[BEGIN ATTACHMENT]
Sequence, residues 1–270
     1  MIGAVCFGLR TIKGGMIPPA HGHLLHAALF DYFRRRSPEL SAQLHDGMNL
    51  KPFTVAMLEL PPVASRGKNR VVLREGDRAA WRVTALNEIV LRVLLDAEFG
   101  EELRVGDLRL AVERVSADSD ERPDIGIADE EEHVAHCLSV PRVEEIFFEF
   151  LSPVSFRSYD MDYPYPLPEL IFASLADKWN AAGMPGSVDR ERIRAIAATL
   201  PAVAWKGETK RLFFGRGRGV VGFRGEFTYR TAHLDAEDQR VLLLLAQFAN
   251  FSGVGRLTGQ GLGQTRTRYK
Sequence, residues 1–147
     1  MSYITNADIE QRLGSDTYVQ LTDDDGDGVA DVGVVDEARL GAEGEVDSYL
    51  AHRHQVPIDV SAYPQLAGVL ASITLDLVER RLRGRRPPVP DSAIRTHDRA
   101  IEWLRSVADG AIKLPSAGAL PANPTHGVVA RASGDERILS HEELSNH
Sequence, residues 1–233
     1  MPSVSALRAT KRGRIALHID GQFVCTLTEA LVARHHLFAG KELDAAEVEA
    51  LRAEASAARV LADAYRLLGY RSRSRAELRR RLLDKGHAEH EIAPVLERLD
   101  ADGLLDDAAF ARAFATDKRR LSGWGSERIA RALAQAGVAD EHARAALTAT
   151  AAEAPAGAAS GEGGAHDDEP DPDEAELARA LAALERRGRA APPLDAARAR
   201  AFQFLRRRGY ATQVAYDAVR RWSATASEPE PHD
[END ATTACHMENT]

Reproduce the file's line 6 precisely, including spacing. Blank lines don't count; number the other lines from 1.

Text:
   201  PAVAWKGETK RLFFGRGRGV VGFRGEFTYR TAHLDAEDQR VLLLLAQFAN